Populism has a particular place within the US political tradition. In the post-war period alone, there have been recurrent right-wing populist insurgencies. In the US, right-wing populism has been a recurrent and ingrained feature of the political process over a long period. In particular, the structural characteristics of the contemporary American state, and the ways in which these are perceived and understood by large numbers of people, particularly within the white population, add to and build upon long-held resentments about the legitimate place and efficacy of government. This chapter provides a detailed account of the structural characteristics of the American state that appear to be of particular significance in the shaping of attitudes. The structural characteristics explain why right-wing populism has been a significant and enduring feature of twentieth- and twenty-first century US politics and why populist attitudes can come to the forefront of politics.

in The Trump revolt
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Donald Trump, neoliberalism and political reconfiguration
Edward Ashbee

Studies of the period from the time of the 2008 financial crisis onwards have taken the concept of neoliberalism as their starting point. Although there are definitional problems and the term is less widely used in the US than in Europe, it captures the changes brought from the late 1970s onwards and ways in which the post-war Keynesian settlement was dismantled through deregulation, privatisation and the pulling back of social provision. For decades, neoliberalism has been politically upheld, extended or ameliorated by established 'mainstream' parties. Neoliberalism is being laid low by a conflict-based form of politics that will progressively eradicate old solidarities and pit the 'people' against those who are not within its ranks. 'Trumpism' and European forms of populism are in some ways weakly embedded but they may well exacerbate and intensify the battles and processes of group competition between different constituencies.

in The Trump revolt
Abstract only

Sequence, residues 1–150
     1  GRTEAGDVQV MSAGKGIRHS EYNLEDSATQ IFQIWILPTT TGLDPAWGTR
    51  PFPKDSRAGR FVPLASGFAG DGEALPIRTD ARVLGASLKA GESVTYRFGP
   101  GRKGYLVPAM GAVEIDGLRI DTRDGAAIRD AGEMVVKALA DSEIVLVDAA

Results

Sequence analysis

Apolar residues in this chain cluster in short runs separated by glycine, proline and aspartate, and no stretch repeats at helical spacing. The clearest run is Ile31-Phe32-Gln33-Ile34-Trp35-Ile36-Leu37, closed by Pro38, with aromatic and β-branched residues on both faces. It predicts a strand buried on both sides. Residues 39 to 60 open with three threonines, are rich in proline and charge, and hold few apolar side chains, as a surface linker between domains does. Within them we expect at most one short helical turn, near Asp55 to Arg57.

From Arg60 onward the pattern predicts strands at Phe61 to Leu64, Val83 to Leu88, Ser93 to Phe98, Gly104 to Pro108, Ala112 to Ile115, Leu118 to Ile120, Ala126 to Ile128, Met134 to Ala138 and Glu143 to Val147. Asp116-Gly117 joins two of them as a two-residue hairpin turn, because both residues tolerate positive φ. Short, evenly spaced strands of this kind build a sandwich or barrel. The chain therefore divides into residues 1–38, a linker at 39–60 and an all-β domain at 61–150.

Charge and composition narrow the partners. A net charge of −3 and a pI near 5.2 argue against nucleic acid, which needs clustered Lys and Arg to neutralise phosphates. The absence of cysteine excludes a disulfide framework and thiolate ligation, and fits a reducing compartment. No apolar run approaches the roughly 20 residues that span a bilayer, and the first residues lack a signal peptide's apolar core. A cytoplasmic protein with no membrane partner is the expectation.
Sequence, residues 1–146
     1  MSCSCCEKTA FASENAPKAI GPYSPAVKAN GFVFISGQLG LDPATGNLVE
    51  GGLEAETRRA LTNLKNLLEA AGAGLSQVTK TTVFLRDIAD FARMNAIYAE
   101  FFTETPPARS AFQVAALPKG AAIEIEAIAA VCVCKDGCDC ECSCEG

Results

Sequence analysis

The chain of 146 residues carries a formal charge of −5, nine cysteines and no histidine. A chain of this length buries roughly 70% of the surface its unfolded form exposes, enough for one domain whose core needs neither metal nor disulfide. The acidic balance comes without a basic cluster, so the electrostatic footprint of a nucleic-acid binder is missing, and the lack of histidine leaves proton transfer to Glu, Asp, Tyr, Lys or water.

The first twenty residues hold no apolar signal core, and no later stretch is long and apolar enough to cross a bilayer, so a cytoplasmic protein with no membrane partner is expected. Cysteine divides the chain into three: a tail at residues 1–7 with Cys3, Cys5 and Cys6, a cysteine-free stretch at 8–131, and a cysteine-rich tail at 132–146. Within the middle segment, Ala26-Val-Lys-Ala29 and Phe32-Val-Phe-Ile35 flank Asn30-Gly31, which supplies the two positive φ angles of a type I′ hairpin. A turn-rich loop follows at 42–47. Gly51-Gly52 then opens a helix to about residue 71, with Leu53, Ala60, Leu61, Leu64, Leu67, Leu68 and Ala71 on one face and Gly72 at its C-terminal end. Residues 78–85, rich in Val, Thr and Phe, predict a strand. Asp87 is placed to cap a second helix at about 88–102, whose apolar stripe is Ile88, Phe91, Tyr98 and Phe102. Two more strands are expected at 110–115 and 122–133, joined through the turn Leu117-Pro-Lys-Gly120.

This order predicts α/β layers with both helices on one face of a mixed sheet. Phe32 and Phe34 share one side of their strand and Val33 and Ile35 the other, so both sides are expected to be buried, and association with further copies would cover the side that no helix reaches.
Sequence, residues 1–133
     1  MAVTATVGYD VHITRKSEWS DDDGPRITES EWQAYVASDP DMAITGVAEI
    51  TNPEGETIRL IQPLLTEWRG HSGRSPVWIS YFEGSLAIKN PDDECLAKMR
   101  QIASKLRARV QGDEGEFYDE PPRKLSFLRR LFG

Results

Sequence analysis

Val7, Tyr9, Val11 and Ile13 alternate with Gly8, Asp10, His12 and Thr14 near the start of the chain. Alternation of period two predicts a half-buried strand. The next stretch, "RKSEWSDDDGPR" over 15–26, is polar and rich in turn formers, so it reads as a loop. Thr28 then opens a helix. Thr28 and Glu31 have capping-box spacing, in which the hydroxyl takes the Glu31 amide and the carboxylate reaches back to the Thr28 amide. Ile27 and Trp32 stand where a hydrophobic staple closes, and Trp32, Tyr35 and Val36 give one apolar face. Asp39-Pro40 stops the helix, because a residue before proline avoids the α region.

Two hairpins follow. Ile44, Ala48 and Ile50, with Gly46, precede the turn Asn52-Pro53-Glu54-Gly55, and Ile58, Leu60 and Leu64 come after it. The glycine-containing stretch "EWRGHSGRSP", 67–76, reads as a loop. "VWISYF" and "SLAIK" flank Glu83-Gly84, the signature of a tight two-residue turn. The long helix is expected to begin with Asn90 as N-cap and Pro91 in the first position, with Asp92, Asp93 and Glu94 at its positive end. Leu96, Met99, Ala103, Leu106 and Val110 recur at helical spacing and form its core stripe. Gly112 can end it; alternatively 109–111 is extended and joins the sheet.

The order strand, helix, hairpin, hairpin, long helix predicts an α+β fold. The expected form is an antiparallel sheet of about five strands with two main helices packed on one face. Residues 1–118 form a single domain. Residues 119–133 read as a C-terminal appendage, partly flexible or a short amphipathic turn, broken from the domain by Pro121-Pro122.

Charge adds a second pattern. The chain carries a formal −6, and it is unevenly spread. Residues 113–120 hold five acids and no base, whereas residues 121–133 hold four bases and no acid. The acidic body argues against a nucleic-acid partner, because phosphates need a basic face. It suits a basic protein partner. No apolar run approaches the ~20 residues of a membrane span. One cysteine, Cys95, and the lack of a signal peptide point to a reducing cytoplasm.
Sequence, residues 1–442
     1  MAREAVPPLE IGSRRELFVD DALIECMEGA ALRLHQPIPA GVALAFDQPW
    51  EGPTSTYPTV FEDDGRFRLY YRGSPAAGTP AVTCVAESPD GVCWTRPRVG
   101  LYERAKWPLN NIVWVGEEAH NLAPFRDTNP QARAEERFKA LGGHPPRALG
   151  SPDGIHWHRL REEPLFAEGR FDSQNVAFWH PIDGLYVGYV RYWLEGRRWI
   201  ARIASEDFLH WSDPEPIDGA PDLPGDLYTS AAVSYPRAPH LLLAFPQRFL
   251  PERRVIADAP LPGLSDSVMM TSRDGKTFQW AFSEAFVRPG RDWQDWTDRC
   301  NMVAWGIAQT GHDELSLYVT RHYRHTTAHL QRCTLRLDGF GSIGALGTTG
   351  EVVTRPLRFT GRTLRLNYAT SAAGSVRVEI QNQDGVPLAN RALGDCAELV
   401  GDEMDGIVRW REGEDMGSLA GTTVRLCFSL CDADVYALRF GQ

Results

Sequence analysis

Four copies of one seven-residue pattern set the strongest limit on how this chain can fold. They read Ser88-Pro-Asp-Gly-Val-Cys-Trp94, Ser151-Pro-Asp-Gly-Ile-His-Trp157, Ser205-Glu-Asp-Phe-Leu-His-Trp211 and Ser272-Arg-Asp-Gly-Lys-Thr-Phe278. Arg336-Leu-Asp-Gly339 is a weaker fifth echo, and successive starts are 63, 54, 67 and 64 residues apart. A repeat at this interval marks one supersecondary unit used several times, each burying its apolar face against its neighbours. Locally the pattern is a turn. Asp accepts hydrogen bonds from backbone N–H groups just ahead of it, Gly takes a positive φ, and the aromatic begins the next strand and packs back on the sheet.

Edward Ashbee

This chapter looks at an explanation that can be employed to account for Trump's eventual victory. It assesses Trump's ascendancy as a function of, and reaction to, the strategies and discourses pursued in the years preceding 2016 by Republican Party elites. It may be that Republican elites, through the discourses that they adopted in pursuit of given electoral logics, set off particular sets of reactive sequences that culminated, over time, in the emergence of the Trump campaign. Arguably, Republican members of Congress, those who served in state legislatures, and the party's elites increasingly turned to electoral strategies structured around 'base mobilization'. There was a marked shift rightwards in the composition of the Republican caucus serving in the House of Representatives although the process of change took longer, amongst Republicans in the Senate.

in The Trump revolt
Edward Ashbee

Because of name recognition and his status as a celebrity, Donald Trump had very significant start-up advantages over other 'outsider' candidates such as Dr Ben Carson or Carly Fiorina. At the same time, the votes of those who opposed him were split between rival contenders and Trump was implicitly hailed, despite comments and claims that would have killed off any other candidacy, as a victor with the support of only about a third of the voters. Timing and sequencing and the order in which candidates withdrew from the race then played a part. Even at the end of the campaign, there were chance events that probably further damaged Hillary Clinton's chances of victory. Even if it is assumed that that all the votes would have been given to Clinton had the candidates not stood, analysis suggests it is likely that she would still have lost.

in The Trump revolt